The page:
To The Lebanese Parents Celebrating Their Children Passing Brevet With Gunfire

Brevet

Dear Lebanese parents that couldn’t believe their son or daughter passed their brevet exam so they figured the best way to celebrate, in between the ten kilos of baclava consumed, was to fire a few rounds of M249 up in the air,

Yes, your child is special. I mean, how could your child not be special if he or she passed 9th grade and will continue to high school? In Neanderthal times, that’s akin to your child being ready for marriage or leading a life of his own! Yes, your child is unique, him and the other 75% of applicants that presented this year’s exam and passed.

Were you firing rounds up in the air because you couldn’t believe your child passed? You do know that doesn’t really reflect confidence on your part for your child’s capacities? I bet your child is going to grow up into such a terrific young man or woman knowing that his parents never truly believed in him or her and were utterly dumbfounded, a few AK4 rounds-dumbfounded to be exact, that they passed an exam that 3 out of 4 of those who take it actually pass it. If more information is needed, let me refer you to some good psychologists who will work on mending your child’s traumatized psyche from having his own flesh and blood not remotely believe he managed to pass an exam.

But how does this whole celebratory gunfire thing work exactly? I mean, you people seem to do it at every corner. Your child passes an exam, you bring out the riffles. Your politician goes on air, you bring out the machine guns. You manage to pass stools after a serious bout of hemorrhoids, you bring out the guns. Is there an algorithm you follow to delineate the mechanism behind this enigma?

Is it two rounds, for instance, for a simple pass grade? Three rounds in case all those “rachat points” were used as an “allahou akbar zamatna” hail Mary of sorts? What about those coveted “mentions” that were all the rave back in my old days? Did he or she get “bien” or “tres bien?” Did you fire thirteen rounds instead of six because your child got 230 instead of 196 points? I’m a doctor here who is more confused by the way your brain works regarding this, than by the diseases I have to address on daily basis.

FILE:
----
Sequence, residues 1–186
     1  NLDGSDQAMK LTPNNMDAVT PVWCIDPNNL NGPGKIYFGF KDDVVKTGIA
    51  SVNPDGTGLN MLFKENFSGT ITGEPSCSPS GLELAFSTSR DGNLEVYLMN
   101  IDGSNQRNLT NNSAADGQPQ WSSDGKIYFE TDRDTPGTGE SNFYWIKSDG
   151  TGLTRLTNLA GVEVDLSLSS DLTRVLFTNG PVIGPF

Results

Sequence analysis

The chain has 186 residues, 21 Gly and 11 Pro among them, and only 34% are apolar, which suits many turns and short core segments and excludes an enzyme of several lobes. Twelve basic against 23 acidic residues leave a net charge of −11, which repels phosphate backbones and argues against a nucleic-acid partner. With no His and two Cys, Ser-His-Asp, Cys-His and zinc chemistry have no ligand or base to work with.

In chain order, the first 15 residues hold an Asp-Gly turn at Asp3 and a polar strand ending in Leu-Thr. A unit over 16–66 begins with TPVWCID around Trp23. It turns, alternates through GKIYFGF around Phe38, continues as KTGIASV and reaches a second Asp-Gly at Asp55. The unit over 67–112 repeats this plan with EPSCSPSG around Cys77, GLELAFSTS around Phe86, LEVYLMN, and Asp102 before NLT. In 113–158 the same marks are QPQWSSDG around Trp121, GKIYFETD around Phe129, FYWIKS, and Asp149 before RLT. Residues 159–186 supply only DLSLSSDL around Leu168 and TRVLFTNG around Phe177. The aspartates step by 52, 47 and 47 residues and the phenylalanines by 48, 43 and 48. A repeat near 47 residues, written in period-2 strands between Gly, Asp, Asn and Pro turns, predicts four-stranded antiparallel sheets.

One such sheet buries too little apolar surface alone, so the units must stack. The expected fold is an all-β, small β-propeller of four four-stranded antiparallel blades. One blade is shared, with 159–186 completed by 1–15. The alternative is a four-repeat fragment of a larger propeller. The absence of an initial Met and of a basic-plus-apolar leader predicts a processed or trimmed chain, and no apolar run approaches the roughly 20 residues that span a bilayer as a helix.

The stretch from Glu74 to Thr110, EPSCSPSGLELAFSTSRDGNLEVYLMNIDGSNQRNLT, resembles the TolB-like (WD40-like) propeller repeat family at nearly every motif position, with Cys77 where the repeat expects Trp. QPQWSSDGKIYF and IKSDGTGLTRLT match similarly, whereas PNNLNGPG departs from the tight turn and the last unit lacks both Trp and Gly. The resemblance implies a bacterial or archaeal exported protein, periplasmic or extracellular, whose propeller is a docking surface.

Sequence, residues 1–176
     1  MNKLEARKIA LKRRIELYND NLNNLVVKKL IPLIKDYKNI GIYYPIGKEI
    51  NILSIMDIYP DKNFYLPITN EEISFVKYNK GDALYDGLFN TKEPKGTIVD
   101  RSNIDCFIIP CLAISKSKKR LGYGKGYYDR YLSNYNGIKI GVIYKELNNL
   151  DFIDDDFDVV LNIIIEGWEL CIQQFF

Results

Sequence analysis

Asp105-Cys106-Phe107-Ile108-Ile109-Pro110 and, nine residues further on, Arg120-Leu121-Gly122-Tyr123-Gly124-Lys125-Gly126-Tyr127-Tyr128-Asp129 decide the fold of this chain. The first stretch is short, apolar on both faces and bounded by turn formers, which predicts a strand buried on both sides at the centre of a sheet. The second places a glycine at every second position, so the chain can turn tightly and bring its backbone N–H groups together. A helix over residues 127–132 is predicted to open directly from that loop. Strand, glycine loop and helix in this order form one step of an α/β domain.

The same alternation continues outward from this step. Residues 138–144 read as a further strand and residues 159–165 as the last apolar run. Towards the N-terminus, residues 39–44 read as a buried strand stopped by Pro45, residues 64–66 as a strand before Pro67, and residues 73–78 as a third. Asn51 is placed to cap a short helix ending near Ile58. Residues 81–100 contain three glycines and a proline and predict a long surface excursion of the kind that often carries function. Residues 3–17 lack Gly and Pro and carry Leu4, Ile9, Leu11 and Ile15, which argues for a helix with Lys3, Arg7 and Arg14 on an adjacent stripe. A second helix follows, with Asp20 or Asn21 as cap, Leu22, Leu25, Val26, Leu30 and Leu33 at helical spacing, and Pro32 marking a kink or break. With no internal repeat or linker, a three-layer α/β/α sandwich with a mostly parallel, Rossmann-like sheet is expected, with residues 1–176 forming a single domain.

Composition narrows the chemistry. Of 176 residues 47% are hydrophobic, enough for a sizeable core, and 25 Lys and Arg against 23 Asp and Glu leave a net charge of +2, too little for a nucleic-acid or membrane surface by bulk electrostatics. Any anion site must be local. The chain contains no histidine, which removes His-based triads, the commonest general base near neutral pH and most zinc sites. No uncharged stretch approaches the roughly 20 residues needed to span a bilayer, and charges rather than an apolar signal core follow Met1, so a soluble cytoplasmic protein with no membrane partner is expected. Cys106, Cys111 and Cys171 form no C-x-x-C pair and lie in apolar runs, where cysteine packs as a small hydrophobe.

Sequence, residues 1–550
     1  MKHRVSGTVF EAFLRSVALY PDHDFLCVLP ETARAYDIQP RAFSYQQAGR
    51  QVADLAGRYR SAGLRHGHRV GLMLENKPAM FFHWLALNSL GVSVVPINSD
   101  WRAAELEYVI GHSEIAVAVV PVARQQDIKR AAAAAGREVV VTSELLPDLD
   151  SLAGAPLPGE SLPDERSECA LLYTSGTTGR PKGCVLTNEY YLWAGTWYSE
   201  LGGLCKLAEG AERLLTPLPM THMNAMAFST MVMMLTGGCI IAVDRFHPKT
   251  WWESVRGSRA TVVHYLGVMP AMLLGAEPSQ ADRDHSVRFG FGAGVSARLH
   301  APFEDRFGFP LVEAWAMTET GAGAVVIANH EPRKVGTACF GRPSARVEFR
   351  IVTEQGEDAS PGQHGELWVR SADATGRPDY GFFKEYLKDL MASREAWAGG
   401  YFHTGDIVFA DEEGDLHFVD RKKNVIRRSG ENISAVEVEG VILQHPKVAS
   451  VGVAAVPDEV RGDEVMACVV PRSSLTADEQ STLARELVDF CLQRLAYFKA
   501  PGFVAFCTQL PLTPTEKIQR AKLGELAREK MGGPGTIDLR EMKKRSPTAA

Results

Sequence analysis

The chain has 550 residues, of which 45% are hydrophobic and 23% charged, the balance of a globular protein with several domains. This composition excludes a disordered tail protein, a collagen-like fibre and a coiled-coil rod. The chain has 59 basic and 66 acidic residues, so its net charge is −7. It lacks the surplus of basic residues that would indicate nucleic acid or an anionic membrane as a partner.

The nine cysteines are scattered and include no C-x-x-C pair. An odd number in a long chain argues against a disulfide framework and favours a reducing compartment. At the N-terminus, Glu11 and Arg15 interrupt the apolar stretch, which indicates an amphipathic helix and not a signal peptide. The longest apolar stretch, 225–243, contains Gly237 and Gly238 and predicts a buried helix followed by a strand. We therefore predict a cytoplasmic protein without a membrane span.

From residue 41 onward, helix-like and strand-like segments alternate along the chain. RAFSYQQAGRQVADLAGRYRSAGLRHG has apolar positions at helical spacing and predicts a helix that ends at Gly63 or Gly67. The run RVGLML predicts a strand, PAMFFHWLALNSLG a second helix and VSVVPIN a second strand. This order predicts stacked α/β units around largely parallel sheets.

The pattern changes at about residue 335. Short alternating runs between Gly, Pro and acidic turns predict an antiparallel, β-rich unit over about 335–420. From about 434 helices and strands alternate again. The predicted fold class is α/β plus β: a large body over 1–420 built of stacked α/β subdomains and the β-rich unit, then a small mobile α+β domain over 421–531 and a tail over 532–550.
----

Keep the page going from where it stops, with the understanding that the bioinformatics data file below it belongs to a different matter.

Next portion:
Now tell me, what if your bullets end up killing someone? Is it okay because “fida hal brevet?” Or is it also okay because if God didn’t want him dead, he wouldn’t have died anyway? How do you convince yourself that your summer rains of shells are totally fine, wholly acceptable and utterly, irrevocably awesome to do?

Or maybe, just maybe, if you were a parent who felt the need to celebrate, for instance, their child passing an exam as stupid as a brevet exam, then you shouldn’t be a parent to being with? Maybe it’s the perpetuation of those genes that have a big contributory factor to why this country is a hell-hole, one round at a time?

I have so many questions that I hope you answer. Until then, see you in world war 3 next June when your other child graduates from kindergarten.

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Remember, Remember The 26th Of March…

I’ve been breathing for 21 years and a few months. This totals to more than 7700 days of me being alive. Out of those 7700 days, the one that’s imprinted in my mind the most is a cold, grey and dark day in March, 12 years ago.

March 26th, 1999.

I remember it was a rainy day. One of those days that start off wrong for a nine year old because his favorite TV station was not showing his favorite TV show that night. They were showing an award show for ads, instead. So I was discussing how horrible that was with a friend as we were going back to class after a recess.